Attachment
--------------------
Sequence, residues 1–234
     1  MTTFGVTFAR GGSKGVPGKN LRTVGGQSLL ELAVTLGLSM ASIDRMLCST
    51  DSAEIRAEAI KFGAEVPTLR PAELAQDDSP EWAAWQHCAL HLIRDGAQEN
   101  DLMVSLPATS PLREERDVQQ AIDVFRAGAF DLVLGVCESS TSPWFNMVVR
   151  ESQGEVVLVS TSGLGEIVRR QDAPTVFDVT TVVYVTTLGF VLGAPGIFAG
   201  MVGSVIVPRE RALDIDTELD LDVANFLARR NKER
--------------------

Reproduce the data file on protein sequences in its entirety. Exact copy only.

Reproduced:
Sequence, residues 1–234
     1  MTTFGVTFAR GGSKGVPGKN LRTVGGQSLL ELAVTLGLSM ASIDRMLCST
    51  DSAEIRAEAI KFGAEVPTLR PAELAQDDSP EWAAWQHCAL HLIRDGAQEN
   101  DLMVSLPATS PLREERDVQQ AIDVFRAGAF DLVLGVCESS TSPWFNMVVR
   151  ESQGEVVLVS TSGLGEIVRR QDAPTVFDVT TVVYVTTLGF VLGAPGIFAG
   201  MVGSVIVPRE RALDIDTELD LDVANFLARR NKER